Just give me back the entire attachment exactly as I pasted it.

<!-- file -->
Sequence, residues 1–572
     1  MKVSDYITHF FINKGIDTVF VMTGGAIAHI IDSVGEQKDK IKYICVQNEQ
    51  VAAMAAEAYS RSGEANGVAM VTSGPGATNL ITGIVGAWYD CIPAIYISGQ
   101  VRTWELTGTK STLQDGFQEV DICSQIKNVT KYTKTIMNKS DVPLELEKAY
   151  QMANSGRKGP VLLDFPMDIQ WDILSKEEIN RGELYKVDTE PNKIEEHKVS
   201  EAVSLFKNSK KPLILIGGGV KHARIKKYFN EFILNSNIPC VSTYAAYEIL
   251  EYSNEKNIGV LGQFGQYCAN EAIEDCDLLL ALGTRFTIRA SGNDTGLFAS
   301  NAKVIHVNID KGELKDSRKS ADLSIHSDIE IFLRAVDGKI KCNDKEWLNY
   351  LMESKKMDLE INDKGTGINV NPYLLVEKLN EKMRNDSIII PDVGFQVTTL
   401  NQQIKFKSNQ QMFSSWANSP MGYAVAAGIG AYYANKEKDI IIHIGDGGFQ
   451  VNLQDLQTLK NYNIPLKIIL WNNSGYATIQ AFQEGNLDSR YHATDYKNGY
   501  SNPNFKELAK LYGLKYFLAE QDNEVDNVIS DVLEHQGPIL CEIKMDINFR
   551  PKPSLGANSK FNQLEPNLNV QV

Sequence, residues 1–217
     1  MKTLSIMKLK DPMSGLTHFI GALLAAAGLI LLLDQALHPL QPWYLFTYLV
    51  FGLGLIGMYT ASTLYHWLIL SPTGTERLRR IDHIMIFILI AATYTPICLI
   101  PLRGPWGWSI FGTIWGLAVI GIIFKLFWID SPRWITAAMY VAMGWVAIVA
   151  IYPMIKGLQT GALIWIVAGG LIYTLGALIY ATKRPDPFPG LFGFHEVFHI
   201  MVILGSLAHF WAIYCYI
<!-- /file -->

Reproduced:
Sequence, residues 1–572
     1  MKVSDYITHF FINKGIDTVF VMTGGAIAHI IDSVGEQKDK IKYICVQNEQ
    51  VAAMAAEAYS RSGEANGVAM VTSGPGATNL ITGIVGAWYD CIPAIYISGQ
   101  VRTWELTGTK STLQDGFQEV DICSQIKNVT KYTKTIMNKS DVPLELEKAY
   151  QMANSGRKGP VLLDFPMDIQ WDILSKEEIN RGELYKVDTE PNKIEEHKVS
   201  EAVSLFKNSK KPLILIGGGV KHARIKKYFN EFILNSNIPC VSTYAAYEIL
   251  EYSNEKNIGV LGQFGQYCAN EAIEDCDLLL ALGTRFTIRA SGNDTGLFAS
   301  NAKVIHVNID KGELKDSRKS ADLSIHSDIE IFLRAVDGKI KCNDKEWLNY
   351  LMESKKMDLE INDKGTGINV NPYLLVEKLN EKMRNDSIII PDVGFQVTTL
   401  NQQIKFKSNQ QMFSSWANSP MGYAVAAGIG AYYANKEKDI IIHIGDGGFQ
   451  VNLQDLQTLK NYNIPLKIIL WNNSGYATIQ AFQEGNLDSR YHATDYKNGY
   501  SNPNFKELAK LYGLKYFLAE QDNEVDNVIS DVLEHQGPIL CEIKMDINFR
   551  PKPSLGANSK FNQLEPNLNV QV

Sequence, residues 1–217
     1  MKTLSIMKLK DPMSGLTHFI GALLAAAGLI LLLDQALHPL QPWYLFTYLV
    51  FGLGLIGMYT ASTLYHWLIL SPTGTERLRR IDHIMIFILI AATYTPICLI
   101  PLRGPWGWSI FGTIWGLAVI GIIFKLFWID SPRWITAAMY VAMGWVAIVA
   151  IYPMIKGLQT GALIWIVAGG LIYTLGALIY ATKRPDPFPG LFGFHEVFHI
   201  MVILGSLAHF WAIYCYI